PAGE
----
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Retailers are in the business of making money. Shoppers, especially these days, are looking to save money. So they’re not always on the same side. But in at least one case they are – many stores and shoppers alike are flat-out done with price hikes.

While inflation overall is easing, prices aren’t coming down at the grocery store. The latest government data, covering the month of January, shows grocery prices were still 11.3% higher than the year before. Some manufacturers, like ConAgra, say they’re done with price hikes for now. But others aren’t – Procter & Gamble raised prices on more of its products last month, while Unilever warned that “we’re not yet at peak prices.”

And when retailers pass these higher prices onto consumers, it’s the stores and not the manufacturers that get much of the blame from shoppers. So some retailers are beginning to say, enough is enough.

In a recent interview with Reuters, the CEO of spice maker McCormick said he’s been getting “pushback” from retailers, in response to his company’s plans to raise prices. “Everyone is frustrated with costs going up and so are we,” Lawrence Kurzius said, defending the proposed price increases as necessary, even as retailers begin to question whether price hike after price hike is sustainable anymore.

Another CEO told Reuters that retailer pushback, particularly from Walmart, means that it “will be very difficult” to raise prices any further. “(Walmart) said to us, ‘from here, our consumer is challenged, we’re going to be looking out for consumers, so you’re going to have to have really good reasons if you’re going to price up from here,'” Edgewell CEO Rod Little said. “Because the consumer is now under more pressure, and Walmart is under pressure, that sets up a dynamic where there’s probably not a lot of pricing going forward.”

Back in December, Walmart CEO Doug McMillon went on record as saying “we do not like” that some manufacturers were still looking to raise prices. “We don’t like that for any reason. We don’t like it for families,” he told an investors conference.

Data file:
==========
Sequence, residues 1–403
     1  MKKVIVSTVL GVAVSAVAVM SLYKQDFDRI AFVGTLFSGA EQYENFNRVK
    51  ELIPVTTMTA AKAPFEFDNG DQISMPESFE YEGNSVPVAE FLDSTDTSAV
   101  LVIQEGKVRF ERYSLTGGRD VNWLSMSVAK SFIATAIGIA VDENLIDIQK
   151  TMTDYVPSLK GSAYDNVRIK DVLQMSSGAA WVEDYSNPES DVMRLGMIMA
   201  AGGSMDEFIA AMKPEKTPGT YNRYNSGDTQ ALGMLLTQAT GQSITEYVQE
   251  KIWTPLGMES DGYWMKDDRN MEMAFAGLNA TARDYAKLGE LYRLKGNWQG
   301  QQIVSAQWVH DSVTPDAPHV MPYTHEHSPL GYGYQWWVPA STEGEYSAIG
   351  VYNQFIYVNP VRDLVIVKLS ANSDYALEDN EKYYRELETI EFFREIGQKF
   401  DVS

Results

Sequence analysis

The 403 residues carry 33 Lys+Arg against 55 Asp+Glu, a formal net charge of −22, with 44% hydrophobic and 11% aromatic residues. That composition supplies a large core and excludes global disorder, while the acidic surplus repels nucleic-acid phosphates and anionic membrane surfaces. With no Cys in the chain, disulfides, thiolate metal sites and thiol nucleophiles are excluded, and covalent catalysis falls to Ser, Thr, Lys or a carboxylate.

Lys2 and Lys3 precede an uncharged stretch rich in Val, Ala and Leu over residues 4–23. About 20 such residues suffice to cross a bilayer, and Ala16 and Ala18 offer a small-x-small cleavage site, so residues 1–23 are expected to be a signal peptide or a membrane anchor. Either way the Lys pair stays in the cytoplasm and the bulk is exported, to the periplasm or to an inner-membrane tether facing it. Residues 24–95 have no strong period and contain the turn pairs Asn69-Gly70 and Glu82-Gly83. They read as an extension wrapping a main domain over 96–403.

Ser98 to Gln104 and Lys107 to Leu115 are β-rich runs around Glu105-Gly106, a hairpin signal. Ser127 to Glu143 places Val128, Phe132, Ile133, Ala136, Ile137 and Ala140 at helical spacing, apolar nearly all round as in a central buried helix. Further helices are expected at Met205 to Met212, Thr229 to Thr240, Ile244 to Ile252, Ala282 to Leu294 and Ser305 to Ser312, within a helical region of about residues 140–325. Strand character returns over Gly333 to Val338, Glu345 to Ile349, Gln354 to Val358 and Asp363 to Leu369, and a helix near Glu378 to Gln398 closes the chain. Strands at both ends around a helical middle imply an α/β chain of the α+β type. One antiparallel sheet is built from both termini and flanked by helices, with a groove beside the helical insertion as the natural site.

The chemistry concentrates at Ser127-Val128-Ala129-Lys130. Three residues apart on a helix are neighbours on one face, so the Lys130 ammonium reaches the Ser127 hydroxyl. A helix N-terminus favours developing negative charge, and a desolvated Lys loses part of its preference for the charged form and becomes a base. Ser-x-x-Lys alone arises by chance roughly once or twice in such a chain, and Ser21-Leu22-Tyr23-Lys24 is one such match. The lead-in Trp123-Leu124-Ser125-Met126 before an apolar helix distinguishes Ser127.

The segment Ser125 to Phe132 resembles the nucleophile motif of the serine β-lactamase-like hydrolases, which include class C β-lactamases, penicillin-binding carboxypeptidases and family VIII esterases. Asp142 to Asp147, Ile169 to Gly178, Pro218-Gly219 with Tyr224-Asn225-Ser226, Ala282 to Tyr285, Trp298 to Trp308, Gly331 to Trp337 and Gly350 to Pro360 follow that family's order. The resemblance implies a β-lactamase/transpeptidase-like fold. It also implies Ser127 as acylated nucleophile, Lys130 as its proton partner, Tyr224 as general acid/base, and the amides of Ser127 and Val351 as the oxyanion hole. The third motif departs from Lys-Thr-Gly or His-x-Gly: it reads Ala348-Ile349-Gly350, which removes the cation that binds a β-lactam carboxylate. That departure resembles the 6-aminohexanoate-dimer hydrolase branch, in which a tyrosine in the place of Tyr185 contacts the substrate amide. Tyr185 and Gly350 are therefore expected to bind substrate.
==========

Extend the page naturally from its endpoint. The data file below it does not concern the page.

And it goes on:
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Even some smaller grocers are pushing back against price hikes. “We’re spending more time than we’ve spent in the past negotiating prices and negotiating cost increases — frankly, questioning cost increases and pushing back,” Hy-Vee CEO Jeremy Gosch told NBC News. It’s happening overseas, too, as the chairman of British retailer Tesco accused some manufacturers of raising prices more than necessary, while the CEO of French grocer Carrefour complained that manufacturers are pushing for “crazy” price increases.

As the world’s largest retailer, though, Walmart has the leverage to demand lower prices. And when the company’s CEO spoke about not liking price increases, he backed up his position with a threat. “We will allocate space to private brands and tertiary brands to the degree that we need to help make this work for families,” McMillon said. In other words, Walmart will devote more shelf space to cheaper brands and its own store brands if major manufacturers insist on raising prices higher than Walmart wants its shoppers to pay.

And brands disappearing from store shelves altogether is not unprecedented. Last year, it happened in Britain and Canada, as fed-up retailers balked at manufacturer price increases. Frito-Lay cut off shipments to Canada’s Loblaw grocery chain for a time, after Loblow refused to accept the company’s proposed price increase. And Kraft Heinz did the same to Britain’s Tesco, after Tesco said it refused to “pass on unjustifiable price increases to our customers.”

Both of those disputes were short-lived. Longer term, the solution to the manufacturer-retailer standoff over prices could be a return to more promotions. Let shoppers who aren’t cost-conscious pay higher shelf prices, but offer deals to more price-sensitive shoppers. McCormick’s Kurzius said retailers are pushing manufacturers to offer more deals, though he said he still isn’t able to offer discounts deep enough to offset the need for higher prices. Snack maker Mondelez’s CEO also told investors recently that promotions aren’t really possible right now. “We are not in a situation where we can say that costs are coming down,” Dirk Van de Put said. “We just implemented a price increase in the U.S… there is no need for us to promote more.”

Eventually, though, faced with retailers that are resisting price hikes, manufacturers that are resisting promotions may not have a choice. Bloomberg Opinion columnist Andrea Felsted predicts more “short-term promotions to make products more affordable and turbocharge sales.” And when that happens, we may finally start seeing the light at the end of the inflationary tunnel. “A step-up in deals,” she writes, “will likely be the first sign that prices have peaked.”

Until then, your grocery budget may still be higher than you’d prefer. But with retailers starting to push back, at least you’re not the only one who’s fed up with higher grocery prices.

Image source: Walmart

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